When I was very little and before my parents split, we spent a few summers enjoying a vacation at a resort near Detroit Lakes. It was a perfectly idyllic week for both parents and children, as this resort had all sorts of activities planned out, guaranteed to keep kids happy and occupied, while parents had their own time to sit and relax. Every morning, the staff would gather the kids right after breakfast, and some days, keep us busy until we arrived, breathless, grimy and sunburned back at the dining hall for dinner. Three squares a day were served, and at dinnertime, a relish plate was on every table that held carrot and celery sticks and tiny, sweet-sour pickles that I loved. The vegetables, inevitably, would absorb some of the pickle brine, so everything sort of tasted the same, but I loved nibbling off that plate and had no idea how much I missed that flavor until last Fall when my sister-in-law brought a jar of refrigerator pickles to a family gathering and I lifted one to my mouth for that first, long forgotten crunch.

It was like rapidly falling backwards in time to being 5 years old, reaching across the huge rectangle table in that massive dining hall, with floor to ceiling windows open to the summer breeze and surrounded by the last memories of my family completely intact. That sweet, salt, celery and mustard seed flavor had eluded me for a lifetime and I didn’t even know it until I tasted those pickles. I was flooded with memories, scents and nostalgia. I could smell the lake, our cabin, the cotton sheets we slept on, suntan lotion, the hot dry grass underfoot. I could see that resort in it’s entirety. I could recall the fun and laughter and the sheer exhaustion of falling asleep after a long, busy and exciting day. It was the last memories of perfection in life, before fracture, before pain and shouting and the upheaval of divorce. It was the end of one life and the beginning of another. But now, where life is happy and easy, where the love abounds, the flavor comes full circle. And I’ve made six quarts of these lovely little pickles, and we’re all enjoying them greatly.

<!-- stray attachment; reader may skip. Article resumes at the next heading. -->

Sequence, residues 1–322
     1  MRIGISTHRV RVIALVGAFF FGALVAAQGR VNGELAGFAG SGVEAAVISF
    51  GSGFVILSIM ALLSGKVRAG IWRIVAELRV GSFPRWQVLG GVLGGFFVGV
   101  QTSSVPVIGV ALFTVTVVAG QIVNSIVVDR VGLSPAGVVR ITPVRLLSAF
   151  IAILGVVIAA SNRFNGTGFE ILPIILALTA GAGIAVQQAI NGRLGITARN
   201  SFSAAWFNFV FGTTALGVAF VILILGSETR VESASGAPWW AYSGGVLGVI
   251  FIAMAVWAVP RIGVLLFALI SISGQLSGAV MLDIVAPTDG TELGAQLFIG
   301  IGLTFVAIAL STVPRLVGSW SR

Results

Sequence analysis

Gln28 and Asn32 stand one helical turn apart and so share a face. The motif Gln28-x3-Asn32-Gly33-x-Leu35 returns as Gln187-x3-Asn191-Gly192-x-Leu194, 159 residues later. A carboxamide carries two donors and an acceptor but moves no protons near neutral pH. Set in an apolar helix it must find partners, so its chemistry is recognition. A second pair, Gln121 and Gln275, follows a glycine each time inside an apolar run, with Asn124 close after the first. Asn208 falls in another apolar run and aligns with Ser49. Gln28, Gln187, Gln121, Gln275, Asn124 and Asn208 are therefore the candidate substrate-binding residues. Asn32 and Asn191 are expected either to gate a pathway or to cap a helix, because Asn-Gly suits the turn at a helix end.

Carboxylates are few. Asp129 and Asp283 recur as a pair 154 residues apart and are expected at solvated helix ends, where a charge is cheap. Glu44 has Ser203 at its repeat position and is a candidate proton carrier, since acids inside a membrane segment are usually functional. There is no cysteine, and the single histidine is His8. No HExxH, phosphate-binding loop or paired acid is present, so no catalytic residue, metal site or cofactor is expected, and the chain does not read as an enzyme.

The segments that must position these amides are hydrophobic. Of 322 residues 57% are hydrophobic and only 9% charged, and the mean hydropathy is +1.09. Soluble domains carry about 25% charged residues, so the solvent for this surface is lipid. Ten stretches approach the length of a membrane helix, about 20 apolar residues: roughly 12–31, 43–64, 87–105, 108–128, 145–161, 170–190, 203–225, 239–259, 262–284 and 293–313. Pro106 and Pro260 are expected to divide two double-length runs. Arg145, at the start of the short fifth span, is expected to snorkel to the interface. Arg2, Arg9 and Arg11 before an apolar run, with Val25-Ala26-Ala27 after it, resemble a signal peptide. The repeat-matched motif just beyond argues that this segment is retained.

There’s very little work involved in making these pickles, outside of stuffing the jars with cucumber slices. Our garden cucumbers from the lake were quite round and large by the time I got hold of them; with smaller cukes, the stuffing becomes much easier. Add in slices of onion and peppers, crushed cloves of garlic, slices of jalapeño for kick. I made my quarts with garlic and love the flavor. One 12-hour period in the refrigerator and you’re done.

 

Refrigerator Pickles

For the Brine:
1 c. white vinegar
1-1/2 cups granulated sugar
1 T. kosher salt
1 t. celery seed
1 t. mustard seed

In a non-reactive pot, bring ingredients for brine to a boil, stirring well to help dissolve the sugar and salt. Place sliced cucumbers and any extra flavor additions in quart jar. Pour brine over, screw down the top and shake gently to distribute. Allow to cool slightly, then place in refrigerator for a minimum of 12 hours. Make sure you’re putting the jars in the refrigerator while they are still fairly warm. You should be able to hold them, but still feel the heat.

Give the jars a good shake the next day to redistribute the brine and slices. This recipe should make enough brine for 1-2 quarts.

 

RECIPE NOTES: I doubled this recipe for my first batch, which made three quarts, easily. The next batch, in which I had 12 huge cucumbers to use, I packed 4 quart jars, made a 5X batch and ended up with quite a bit of brine left.

Be sure you are really packing the jars well. These will shrink considerably while pickling.